In addition to its physiological functions, picolinic acid has been studied for its potential therapeutic applications. For example, it has been shown to have antibacterial and antifungal properties, and may also play a role in heavy metal chelation and neuroprotection. However, more research is needed to fully understand the medical significance of this compound.

Sodium radioisotopes are unstable forms of sodium, an element naturally occurring in the human body, that emit radiation as they decay over time. These isotopes can be used for medical purposes such as imaging and treatment of various diseases. Commonly used sodium radioisotopes include Sodium-22 (^22Na) and Sodium-24 (^24Na).

It's important to note that the use of radioisotopes in medicine should be under the supervision of trained medical professionals, as improper handling or exposure can pose health risks.

Radioactivity is not typically considered within the realm of medical definitions, but since it does have medical applications and implications, here is a brief explanation:

Radioactivity is a natural property of certain elements (referred to as radioisotopes) that emit particles or electromagnetic waves due to changes in their atomic nuclei. This process can occur spontaneously without any external influence, leading to the emission of alpha particles, beta particles, gamma rays, or neutrons. These emissions can penetrate various materials and ionize atoms along their path, which can cause damage to living tissues.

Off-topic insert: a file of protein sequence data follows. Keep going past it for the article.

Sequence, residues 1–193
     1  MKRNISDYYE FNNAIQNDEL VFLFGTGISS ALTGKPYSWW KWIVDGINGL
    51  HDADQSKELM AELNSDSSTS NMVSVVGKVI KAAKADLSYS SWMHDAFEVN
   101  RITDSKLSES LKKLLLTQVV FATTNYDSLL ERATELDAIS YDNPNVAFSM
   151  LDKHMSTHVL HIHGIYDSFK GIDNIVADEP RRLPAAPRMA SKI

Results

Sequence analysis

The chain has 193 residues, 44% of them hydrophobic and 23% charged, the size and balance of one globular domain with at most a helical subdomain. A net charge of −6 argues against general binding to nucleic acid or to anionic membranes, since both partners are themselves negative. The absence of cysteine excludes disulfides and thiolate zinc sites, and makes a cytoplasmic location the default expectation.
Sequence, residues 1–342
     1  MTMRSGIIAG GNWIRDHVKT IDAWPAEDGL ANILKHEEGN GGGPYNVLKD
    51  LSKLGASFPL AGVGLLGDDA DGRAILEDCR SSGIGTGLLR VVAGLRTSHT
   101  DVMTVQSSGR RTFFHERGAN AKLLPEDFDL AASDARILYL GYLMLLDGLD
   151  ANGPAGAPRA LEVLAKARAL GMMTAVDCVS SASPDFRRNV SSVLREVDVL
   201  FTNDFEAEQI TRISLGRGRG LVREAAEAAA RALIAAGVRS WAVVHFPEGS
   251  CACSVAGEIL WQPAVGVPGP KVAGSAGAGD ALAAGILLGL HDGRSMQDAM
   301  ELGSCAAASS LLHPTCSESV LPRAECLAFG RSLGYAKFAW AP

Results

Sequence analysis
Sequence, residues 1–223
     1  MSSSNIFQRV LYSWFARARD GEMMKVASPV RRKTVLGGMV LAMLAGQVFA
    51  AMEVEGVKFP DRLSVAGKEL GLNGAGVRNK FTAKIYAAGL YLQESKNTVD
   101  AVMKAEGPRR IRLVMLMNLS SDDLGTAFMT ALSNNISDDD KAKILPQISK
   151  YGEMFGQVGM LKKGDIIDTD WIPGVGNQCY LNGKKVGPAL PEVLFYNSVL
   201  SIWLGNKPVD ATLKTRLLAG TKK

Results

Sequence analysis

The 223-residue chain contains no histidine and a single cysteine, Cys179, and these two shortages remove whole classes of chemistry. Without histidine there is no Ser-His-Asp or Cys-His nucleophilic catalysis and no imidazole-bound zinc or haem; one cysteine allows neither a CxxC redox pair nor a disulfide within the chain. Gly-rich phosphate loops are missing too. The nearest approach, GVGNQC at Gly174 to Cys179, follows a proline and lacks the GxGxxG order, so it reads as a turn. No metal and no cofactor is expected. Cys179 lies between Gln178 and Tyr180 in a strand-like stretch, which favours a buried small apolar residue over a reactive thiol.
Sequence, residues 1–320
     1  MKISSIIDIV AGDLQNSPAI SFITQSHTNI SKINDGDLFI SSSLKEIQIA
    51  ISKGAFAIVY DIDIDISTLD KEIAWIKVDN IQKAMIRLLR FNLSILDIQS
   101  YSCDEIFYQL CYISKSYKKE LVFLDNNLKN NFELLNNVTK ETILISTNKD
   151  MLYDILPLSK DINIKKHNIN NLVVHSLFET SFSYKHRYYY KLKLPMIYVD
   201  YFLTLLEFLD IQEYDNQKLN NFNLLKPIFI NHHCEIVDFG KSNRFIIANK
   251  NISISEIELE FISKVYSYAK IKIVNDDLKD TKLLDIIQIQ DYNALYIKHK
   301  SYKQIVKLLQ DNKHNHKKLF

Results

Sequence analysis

In a medical context, radioactivity is used in both diagnostic and therapeutic settings:

1. Diagnostic applications include imaging techniques such as positron emission tomography (PET) scans and single-photon emission computed tomography (SPECT), where radioisotopes are introduced into the body to visualize organ function or detect diseases like cancer.
2. Therapeutic uses involve targeting radioisotopes directly at cancer cells, either through external beam radiation therapy or internal radiotherapy, such as brachytherapy, where a radioactive source is placed near or within the tumor.

While radioactivity has significant medical benefits, it also poses risks due to ionizing radiation exposure. Proper handling and safety measures are essential when working with radioactive materials to minimize potential harm.

Barium radioisotopes are radioactive forms of the element barium, which are used in medical imaging procedures to help diagnose various conditions. The radioisotopes emit gamma rays that can be detected by external devices, allowing doctors to visualize the inside of the body. Barium sulfate is often used as a contrast agent in X-rays and CT scans, but when combined with a radioisotope such as barium-133, barium-198, or barium-207, it can provide more detailed images of specific organs or systems.

For example, barium sulfate mixed with barium-133 may be used in a lung scan to help diagnose pulmonary embolism or other respiratory conditions. Barium-207 is sometimes used in bone scans to detect fractures, tumors, or infections.